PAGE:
NAR or the National Association of Realtors is owned by a private company headquartered in Chicago. It is a self regulatory organization of 1.1 million members who are either Brokers or Realtor associates. NAR governs the hundreds of local Multiple Listing Services (MLSs) which are the information exchanges used across the nation by real estate brokers.
After being charged by the US department of Justice for antitrust activities, NAR responded by proposing a single Internet Listing Display system that allows its members to exclude individual brokers (whether of a bricks-and-mortar type or solely internet-based) and opt out of display on all other brokers‘ sites. In Canada, there is a similar agreement.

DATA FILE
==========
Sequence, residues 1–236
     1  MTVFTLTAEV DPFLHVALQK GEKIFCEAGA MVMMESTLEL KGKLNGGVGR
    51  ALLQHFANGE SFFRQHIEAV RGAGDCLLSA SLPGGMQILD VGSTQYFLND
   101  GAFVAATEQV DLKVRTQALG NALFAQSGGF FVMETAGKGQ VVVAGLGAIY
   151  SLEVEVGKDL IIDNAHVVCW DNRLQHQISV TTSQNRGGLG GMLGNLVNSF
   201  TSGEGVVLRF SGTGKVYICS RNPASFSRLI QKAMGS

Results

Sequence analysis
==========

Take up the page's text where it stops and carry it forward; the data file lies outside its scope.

Recently, Canada’s competition bureau ruled against TREB several times with respect to anti-competitive activities. It seems TREB and CREA want to favour their members and retain their monopoly on the MLS data. As you may know, a monopoly is one of the most cherished goals of any free enterprise business. When you have monopoly, you can set the rules and charge whatever you want for your product and services. Microsoft and Google are two other organizations that have possessed almost monopolistic power and it worked very well for them. No anti-competitive charges have been laid against Google.
Most of us would uphold the right of a company to own their products including a database and charge whatever the market will bear. Sort of like how Miami, Boston, New York, Vancouver, Los Angeles, San Diego, San Francisco, San Jose, Seattle, Dallas and Toronto realty markets are going right now.